Health insurance assists people with the basic costs of maintaining their health and treating any concerns that arise. People trust that the health insurance they purchase or receive through their employer will allow them to get the care they require if they have a medical need for support.
Unfortunately, even those with insurance may sometimes find themselves unable to cover the costs of their treatment and will therefore end up with a large amount of debt. These are two primary reasons that people with health insurance may end up owing a lot of money for their medical treatment.
1. Their policy comes with major patient responsibilities
Health insurance providers often seek to pass on the cost of someone’s treatment to the patient. Doing so reduces what they pay and can deter people from seeking out unnecessary treatment. Unfortunately, companies often go to an extreme in their attempts to make people accountable for their healthcare costs. They impose deductibles that force people to pay thousands of dollars before the company will cover any of their treatments. They also assess a coinsurance that could require someone to pay a flat percentage of the cost of their treatment. Patients can end up with huge medical debts if they have to have surgery or go through chemotherapy treatment because of coinsurance.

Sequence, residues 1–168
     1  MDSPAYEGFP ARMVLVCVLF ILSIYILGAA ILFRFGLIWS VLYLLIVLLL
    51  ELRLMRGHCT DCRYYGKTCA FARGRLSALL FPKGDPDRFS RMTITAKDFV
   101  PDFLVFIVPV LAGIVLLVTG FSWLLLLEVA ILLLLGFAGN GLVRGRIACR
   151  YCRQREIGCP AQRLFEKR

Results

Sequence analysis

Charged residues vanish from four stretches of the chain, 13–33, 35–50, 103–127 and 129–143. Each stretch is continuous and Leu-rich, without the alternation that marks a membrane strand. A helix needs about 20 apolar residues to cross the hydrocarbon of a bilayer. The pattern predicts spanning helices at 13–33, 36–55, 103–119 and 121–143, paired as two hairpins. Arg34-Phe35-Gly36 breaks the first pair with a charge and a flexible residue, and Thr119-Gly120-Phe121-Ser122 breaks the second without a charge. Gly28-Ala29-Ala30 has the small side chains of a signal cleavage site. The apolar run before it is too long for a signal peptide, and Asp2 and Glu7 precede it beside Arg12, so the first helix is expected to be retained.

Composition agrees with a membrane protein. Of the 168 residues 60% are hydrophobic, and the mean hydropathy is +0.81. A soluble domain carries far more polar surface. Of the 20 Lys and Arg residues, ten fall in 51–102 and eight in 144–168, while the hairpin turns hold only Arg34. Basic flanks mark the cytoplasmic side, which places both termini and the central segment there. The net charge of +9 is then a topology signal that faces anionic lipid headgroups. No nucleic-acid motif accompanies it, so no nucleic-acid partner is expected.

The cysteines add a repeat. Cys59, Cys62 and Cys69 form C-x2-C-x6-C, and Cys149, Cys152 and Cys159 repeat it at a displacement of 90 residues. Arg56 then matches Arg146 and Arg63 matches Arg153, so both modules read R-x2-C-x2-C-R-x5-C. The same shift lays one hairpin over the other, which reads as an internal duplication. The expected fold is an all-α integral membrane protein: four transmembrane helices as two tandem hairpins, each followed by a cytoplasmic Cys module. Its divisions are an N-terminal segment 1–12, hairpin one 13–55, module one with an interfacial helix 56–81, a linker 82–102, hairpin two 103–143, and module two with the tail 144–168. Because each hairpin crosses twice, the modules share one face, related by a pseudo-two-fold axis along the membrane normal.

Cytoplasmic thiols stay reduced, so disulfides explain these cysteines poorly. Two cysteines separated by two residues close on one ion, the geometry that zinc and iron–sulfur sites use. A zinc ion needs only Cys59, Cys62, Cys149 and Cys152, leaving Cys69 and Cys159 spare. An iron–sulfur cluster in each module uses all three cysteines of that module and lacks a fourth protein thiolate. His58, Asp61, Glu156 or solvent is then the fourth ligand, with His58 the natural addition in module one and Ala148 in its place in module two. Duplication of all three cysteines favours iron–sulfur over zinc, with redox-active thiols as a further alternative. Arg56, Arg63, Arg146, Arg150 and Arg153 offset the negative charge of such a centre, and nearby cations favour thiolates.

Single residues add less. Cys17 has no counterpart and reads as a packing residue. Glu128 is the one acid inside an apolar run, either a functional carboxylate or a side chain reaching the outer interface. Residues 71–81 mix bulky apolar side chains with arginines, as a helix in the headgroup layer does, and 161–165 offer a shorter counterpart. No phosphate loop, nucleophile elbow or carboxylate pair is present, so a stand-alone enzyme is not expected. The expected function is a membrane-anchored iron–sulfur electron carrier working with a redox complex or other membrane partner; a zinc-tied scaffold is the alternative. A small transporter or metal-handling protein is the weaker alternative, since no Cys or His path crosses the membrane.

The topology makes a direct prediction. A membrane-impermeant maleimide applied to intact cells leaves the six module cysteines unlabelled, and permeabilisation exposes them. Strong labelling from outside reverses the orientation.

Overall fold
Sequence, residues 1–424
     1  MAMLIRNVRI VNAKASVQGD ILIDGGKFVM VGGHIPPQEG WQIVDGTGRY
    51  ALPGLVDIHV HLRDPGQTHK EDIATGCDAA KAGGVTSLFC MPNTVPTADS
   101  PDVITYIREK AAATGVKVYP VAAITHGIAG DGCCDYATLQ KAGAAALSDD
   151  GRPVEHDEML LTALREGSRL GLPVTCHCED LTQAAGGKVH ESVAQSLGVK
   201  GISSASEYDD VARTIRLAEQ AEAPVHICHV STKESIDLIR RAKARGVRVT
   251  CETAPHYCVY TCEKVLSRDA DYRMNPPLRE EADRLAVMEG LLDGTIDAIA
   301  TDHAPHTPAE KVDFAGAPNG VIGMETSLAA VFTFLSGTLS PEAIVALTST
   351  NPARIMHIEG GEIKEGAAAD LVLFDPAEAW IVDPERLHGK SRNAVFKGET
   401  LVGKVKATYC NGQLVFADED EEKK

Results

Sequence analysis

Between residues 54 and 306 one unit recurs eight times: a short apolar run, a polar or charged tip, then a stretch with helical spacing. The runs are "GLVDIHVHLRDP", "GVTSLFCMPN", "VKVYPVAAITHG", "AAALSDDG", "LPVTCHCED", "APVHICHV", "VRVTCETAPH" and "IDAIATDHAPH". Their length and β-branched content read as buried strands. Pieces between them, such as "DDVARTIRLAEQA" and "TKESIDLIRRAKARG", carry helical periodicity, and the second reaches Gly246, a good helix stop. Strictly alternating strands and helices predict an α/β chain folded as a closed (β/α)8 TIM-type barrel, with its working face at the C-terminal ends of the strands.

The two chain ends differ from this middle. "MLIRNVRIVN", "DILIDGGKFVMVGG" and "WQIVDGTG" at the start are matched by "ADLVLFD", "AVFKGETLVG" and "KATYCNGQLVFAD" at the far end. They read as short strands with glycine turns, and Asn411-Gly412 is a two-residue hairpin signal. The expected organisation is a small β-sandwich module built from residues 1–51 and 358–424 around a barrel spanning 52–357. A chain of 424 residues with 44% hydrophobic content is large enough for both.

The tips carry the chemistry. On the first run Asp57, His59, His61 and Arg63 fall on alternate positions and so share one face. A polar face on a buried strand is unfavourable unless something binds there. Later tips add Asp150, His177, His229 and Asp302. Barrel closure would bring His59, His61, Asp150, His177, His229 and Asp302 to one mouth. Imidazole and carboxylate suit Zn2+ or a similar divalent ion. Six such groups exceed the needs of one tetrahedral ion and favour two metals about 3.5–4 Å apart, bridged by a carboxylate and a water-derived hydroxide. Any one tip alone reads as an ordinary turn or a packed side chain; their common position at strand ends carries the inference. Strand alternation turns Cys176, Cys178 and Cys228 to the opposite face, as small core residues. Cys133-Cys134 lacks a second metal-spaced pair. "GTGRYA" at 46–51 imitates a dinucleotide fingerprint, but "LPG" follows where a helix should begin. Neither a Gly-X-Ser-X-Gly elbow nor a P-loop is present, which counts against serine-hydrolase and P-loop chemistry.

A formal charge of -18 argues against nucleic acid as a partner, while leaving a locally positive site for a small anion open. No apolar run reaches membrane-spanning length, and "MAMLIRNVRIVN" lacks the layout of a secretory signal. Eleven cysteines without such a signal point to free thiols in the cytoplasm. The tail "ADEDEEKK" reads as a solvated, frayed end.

2. They require treatment the company doesn’t cover
For those with cancer, autoimmune disorders and other hard-to-treat health issues, the best treatment options may be forms of care that an insurance company doesn’t cover. It is only when there is clinical evidence of the efficacy of specific treatments and standards in place to administer that treatment that insurance companies will usually cover those treatments. Those who want to try immunotherapy or new drug cocktails may have no choice but to agree to pay their costs out of pocket.
Thousands of adults with medical debt end up filing for bankruptcy each year because they realize that they have no other way to regain control over their finances. Understanding how medical debt accumulates even when someone has insurance can help them make a more rational choice about whether or not to file for personal bankruptcy.